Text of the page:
When her five-day-a-week weightlifting routine at the gym got derailed circa 2020 (been there, felt that…), physical therapist Kristi Barker headed to her living room like the rest of us. Here’s the twist: She wanted an exercise alternative that made her feel as good mentally as it did physically. So Barker turned to high-impact moves that gave her a serious endorphin rush in addition to checking the boxes of being doable in a small space, fun, mostly equipment-free, and not super time-consuming. Fast-forward three years (how?!), and experts are still urging you to make force-focused workouts a staple of your routine.
If you’re picturing dreaded burpees after reading “high-impact exercise,” you wouldn’t be incorrect, but you would be narrow-minded (no offense!). “The term ‘impact’ implies two forces coming into contact with each other, so technically, any exercise that involves such an interaction would be considered high-impact,” says Brad Shoenfeld, PhD, a professor in exercise science at Lehman College, City University of New York. That includes activities like jump squats and jumping rope, but also jogging or high-energy dancing. And despite what many everyday athletes have been led to believe, it’s an *amazing* thing for the body and brain.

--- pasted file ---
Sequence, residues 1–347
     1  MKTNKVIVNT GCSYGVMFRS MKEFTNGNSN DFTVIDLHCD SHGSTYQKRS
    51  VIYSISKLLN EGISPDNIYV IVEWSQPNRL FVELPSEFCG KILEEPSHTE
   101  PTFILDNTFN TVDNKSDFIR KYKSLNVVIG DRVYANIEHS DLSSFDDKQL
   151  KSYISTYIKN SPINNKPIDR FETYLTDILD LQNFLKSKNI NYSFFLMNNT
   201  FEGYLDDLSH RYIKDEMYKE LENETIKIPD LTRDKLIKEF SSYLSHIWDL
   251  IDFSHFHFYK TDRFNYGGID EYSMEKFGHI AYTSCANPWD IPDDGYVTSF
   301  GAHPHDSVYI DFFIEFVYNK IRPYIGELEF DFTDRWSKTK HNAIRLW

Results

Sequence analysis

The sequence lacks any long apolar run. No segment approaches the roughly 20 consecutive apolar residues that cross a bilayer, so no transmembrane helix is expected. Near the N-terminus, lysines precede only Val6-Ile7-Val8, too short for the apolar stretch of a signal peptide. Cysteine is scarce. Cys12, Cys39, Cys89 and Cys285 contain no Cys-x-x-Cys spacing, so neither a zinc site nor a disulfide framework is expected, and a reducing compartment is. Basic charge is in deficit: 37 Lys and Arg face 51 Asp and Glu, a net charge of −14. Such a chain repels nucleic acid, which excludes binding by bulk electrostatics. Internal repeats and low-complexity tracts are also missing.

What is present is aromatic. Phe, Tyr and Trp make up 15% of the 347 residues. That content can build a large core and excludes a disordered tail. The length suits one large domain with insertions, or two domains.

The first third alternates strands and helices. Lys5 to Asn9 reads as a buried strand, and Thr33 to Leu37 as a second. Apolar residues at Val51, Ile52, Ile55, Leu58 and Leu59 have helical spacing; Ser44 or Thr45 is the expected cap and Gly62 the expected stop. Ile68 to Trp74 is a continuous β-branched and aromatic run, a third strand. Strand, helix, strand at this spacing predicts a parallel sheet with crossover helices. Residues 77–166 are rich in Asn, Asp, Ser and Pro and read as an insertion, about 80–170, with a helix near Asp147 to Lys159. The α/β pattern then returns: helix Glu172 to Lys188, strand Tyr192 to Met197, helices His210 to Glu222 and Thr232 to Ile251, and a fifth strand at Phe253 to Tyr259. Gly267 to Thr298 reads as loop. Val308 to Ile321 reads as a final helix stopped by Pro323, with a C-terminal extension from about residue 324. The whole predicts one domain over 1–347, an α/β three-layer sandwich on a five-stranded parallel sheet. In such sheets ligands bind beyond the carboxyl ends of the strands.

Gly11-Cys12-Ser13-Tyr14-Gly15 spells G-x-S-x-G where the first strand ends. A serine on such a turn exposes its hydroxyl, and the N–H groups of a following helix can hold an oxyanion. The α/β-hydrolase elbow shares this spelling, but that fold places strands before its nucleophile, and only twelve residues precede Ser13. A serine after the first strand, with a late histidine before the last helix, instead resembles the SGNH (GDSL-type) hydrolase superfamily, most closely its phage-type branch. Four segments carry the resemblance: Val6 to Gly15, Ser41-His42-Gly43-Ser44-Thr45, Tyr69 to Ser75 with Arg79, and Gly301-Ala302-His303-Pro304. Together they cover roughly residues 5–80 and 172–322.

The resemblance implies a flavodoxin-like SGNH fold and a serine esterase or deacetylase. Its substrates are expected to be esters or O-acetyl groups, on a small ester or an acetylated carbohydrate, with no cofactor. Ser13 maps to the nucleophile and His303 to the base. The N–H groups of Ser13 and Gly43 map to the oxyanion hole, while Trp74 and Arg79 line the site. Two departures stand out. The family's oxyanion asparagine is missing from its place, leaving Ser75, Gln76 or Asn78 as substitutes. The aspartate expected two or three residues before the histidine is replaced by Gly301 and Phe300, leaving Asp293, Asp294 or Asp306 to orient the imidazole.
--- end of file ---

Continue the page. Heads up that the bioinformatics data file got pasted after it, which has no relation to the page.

Unfortunately, “there’s a stigma around high-impact training,” says Barker—one that paints it as harmful for your joints and beyond. The solve here is education around its gains as well as insights into how to incorporate it into your routine, Barker says. We’re here to help.
How These Workouts Got A Questionable Rep
FYI: There is no bottom-line scientific study that revealed high-impact exercise is bad for joints and a recipe for pain. But exercise that feels uncomfortable or even painful at times when performed incorrectly or by beginners can create an anecdotal narrative over time.
The unavoidable truth is, “when forces collide, there’s conceivably the potential for injury,” Shoenfeld says. Human error can occur with high-impact bouts, especially when people go at it unsupervised (like solo at the gym or in a crowded group class). If you don’t take the necessary precautions, like perfecting form before adding explosive effort, and wearing proper sneakers, “you can get hurt,” says Barker. That said, “the majority of people who come in for physical therapy are in pain from not moving enough,” she adds—not because of high-impact exercise.
Ultimately, if you’re cleared for this movement (see “Know Your Limits,” coming up) and informed on how to integrate it, you don’t have to fear it. In fact, you should embrace it.
High Impact, High Reward
The number one benefit: High-impact exercise ups bone mineral density and reduces fracture risk, says Chris Hartley, PhD, a lecturer in biomedical sciences at Birmingham City University in the U.K. Jumping and hopping has been shown to increase bone strength at the hip, in particular, “which is a common fracture point, particularly in older women,” he says. “Bone adapts to the stresses and strains placed on it,” Hartley says, “and the more we load the bone, the stronger